Responses

Download PDFPDF
Incidence of rhegmatogenous retinal detachment in France from 2010 to 2016: seasonal and geographical variations
Compose Response

Plain text

  • No HTML tags allowed.
  • Web page addresses and e-mail addresses turn into links automatically.
  • Lines and paragraphs break automatically.
Author Information
First or given name, e.g. 'Peter'.
Your last, or family, name, e.g. 'MacMoody'.
Your email address, e.g. higgs-boson@gmail.com
Your role and/or occupation, e.g. 'Orthopedic Surgeon'.
Your organization or institution (if applicable), e.g. 'Royal Free Hospital'.
Statement of Competing Interests

PLEASE NOTE:

  • Responses are moderated before posting and publication is at the absolute discretion of BMJ, however they are not peer-reviewed
  • Once published, you will not have the right to remove or edit your response. Removal or editing of responses is at BMJ's absolute discretion
  • If patients could recognise themselves, or anyone else could recognise a patient from your description, please obtain the patient's written consent to publication and send them to the editorial office before submitting your response [Patient consent forms]
  • By submitting this response you are agreeing to our full [Response terms and requirements]

Vertical Tabs

Other responses

Jump to comment:

  • carlos Sevillano Torrado, Eloy Viso
    Published on:
  • Published on:
    Dr
    • carlos Sevillano Torrado, Ophthalmologist Hospital Complex of Pontevedra
    • Other Contributors:
      • Eloy Viso, Ophthalmology Chief

    In your interesting paper dealing with the incidence of rhegmatogenous retinal detachment in France, you report the highest incidence rate so far together with Gout et al 1. It is almost twice as high as the incidence found in our area 2. You also report that this incidence was highest in Guadeloupe (28.30±2.74 per 100000 population) and lowest in French Guiana (15.51±3.50 per 100000 population).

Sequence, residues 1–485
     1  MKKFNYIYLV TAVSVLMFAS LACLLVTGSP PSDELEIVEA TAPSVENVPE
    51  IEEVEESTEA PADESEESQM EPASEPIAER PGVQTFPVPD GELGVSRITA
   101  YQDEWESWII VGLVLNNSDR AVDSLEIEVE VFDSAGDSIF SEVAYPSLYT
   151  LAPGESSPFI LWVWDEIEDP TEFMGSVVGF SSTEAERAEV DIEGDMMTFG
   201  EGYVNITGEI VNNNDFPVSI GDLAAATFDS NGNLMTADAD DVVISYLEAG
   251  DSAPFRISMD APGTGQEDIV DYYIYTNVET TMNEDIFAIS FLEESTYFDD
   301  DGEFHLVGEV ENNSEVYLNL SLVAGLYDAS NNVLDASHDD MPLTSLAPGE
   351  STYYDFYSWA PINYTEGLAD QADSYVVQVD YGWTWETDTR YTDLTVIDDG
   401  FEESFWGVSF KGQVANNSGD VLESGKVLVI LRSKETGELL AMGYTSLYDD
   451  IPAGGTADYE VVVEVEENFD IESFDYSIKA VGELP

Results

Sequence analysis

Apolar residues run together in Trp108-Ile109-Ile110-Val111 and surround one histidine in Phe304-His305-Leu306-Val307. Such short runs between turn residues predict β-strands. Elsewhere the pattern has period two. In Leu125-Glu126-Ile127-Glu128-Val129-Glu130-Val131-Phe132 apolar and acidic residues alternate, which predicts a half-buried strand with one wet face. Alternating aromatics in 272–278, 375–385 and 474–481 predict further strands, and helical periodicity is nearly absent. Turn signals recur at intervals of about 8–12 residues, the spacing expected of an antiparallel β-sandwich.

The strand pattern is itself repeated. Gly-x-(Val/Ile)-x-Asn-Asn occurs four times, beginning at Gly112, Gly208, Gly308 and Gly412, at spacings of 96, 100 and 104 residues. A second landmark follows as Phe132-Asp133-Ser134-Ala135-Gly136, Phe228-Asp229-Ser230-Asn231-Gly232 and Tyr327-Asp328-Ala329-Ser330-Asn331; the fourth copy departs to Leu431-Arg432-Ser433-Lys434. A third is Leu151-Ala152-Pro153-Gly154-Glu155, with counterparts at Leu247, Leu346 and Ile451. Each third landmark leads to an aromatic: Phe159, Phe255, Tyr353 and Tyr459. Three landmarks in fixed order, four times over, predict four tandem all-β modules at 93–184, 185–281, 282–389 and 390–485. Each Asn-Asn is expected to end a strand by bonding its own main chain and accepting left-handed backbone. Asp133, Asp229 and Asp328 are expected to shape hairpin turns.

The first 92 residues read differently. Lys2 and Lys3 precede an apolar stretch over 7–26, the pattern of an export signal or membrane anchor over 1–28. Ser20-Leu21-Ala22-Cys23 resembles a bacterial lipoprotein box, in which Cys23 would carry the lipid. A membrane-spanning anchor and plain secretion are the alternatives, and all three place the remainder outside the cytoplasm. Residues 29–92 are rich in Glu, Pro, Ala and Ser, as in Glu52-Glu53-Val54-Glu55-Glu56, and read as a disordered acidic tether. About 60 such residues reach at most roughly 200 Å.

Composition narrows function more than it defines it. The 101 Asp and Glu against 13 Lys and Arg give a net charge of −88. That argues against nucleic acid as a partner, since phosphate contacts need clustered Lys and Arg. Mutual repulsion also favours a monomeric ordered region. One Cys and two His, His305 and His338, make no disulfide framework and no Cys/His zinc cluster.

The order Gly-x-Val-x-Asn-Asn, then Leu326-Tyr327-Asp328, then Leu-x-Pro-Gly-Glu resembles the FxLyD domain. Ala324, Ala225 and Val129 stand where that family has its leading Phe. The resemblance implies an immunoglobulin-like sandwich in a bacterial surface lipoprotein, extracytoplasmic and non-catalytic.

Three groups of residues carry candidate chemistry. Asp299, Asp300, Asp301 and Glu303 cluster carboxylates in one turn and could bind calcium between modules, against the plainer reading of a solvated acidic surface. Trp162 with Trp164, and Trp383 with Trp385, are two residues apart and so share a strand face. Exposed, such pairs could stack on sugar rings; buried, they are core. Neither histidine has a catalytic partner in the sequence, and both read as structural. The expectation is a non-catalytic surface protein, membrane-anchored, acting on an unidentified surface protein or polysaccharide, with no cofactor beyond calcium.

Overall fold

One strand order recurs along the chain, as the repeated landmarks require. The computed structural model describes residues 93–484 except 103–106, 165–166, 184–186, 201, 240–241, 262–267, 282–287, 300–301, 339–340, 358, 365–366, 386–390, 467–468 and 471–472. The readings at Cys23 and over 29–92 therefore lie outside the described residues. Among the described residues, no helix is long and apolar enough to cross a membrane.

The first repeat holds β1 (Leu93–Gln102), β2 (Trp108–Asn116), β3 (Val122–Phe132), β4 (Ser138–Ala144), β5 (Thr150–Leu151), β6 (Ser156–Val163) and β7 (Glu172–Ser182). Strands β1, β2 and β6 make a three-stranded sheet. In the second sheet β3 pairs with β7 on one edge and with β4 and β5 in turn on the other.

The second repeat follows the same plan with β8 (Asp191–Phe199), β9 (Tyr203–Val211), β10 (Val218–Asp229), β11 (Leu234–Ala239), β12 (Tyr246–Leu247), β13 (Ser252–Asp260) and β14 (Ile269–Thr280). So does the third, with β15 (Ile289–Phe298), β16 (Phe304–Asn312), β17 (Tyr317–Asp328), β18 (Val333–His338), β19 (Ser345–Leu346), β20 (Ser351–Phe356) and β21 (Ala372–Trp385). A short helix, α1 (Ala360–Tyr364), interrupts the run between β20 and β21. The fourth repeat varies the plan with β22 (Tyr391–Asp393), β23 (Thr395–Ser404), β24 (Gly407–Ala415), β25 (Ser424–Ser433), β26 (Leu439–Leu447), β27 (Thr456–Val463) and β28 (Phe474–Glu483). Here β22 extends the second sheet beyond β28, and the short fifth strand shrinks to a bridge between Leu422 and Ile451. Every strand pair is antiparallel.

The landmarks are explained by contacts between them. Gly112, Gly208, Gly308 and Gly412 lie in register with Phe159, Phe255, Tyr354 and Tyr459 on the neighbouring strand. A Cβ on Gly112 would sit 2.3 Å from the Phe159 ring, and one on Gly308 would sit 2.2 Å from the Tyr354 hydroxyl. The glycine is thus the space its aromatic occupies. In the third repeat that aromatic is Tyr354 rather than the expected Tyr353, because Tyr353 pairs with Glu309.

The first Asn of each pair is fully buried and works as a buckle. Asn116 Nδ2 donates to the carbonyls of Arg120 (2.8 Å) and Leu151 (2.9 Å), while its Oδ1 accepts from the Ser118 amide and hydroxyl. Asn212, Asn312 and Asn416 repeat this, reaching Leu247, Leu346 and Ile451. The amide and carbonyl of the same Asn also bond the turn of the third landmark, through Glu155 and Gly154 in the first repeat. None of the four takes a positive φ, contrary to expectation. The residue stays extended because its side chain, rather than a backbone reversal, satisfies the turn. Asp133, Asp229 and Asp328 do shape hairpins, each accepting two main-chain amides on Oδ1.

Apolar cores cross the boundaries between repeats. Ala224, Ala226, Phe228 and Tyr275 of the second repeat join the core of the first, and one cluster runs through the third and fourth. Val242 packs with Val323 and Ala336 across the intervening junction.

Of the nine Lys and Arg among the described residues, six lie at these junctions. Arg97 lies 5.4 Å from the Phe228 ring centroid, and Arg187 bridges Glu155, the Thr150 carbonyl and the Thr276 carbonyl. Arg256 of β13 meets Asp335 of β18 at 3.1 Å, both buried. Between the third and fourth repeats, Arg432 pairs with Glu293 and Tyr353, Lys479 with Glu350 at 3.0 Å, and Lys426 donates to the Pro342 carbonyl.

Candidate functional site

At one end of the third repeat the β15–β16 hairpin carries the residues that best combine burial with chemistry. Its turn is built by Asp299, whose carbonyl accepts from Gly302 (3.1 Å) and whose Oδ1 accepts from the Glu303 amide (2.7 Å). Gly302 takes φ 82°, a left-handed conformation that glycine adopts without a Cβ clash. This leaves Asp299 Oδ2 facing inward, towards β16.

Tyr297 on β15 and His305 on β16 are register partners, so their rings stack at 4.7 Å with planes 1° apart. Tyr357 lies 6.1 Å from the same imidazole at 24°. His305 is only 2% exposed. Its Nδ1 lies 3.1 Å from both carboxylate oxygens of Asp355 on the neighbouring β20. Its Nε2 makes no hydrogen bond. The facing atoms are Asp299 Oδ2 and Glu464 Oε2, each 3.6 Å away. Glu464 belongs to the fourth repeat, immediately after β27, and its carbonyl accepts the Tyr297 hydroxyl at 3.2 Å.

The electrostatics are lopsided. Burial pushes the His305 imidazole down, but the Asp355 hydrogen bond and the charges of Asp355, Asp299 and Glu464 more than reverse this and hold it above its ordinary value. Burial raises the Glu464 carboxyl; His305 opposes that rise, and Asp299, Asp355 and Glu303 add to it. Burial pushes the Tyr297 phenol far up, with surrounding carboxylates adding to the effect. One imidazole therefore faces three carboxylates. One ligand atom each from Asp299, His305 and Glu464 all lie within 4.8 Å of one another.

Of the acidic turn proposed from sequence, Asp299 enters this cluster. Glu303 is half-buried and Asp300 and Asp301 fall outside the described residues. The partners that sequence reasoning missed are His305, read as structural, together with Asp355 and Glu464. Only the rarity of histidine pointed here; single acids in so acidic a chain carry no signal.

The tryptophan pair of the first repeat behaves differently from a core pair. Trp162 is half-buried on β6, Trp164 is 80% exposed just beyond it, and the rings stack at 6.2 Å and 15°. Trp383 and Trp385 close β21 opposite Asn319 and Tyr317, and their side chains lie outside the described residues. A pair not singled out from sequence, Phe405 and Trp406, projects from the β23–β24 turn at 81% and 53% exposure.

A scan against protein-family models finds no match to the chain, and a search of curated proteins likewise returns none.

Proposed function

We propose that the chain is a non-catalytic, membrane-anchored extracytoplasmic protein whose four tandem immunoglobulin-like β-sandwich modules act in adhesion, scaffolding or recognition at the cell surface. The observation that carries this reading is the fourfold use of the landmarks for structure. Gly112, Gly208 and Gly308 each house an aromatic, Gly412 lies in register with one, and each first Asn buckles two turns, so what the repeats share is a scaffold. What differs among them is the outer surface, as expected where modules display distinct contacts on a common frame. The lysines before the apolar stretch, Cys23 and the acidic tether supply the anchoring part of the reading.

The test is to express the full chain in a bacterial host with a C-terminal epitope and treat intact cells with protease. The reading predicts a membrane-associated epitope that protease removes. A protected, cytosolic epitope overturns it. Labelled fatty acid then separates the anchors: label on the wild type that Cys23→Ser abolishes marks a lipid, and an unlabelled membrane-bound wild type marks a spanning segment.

Peters 3 investigated the incidence of RRD in black people and found that it was much lower (0.46/100,000 inhabitants) than in whites. Foos et al. 4 also found that there were no differences in the number of breaks or the proportion/ percentage of vitreous detachments between black and white people, suggesting a stronger adherence in their retinal pigmentary epithelium in the former. Given the fact that black subjects present higher levels of melanin, they have greater resistance against solar radiation, in the same way that they present a lower incidence of non-melanoma skin cancer due to this protective factor 5. Similarly, there is a lower risk of RRD in very dark-colored iris 6 subjects, possibly due to the same reason, as a smaller amount of solar radiation, which has been found to be associated with RRD 7 enters the eye. Taking into account that 70-90% of the population in the French Antilles are mulattoes or creoles (source: indexmundi.com), the lower incidence detected in this geographical location is not surprising. However, we encourage the authors to investigate...

    Show More
    Conflict of Interest:
    None declared.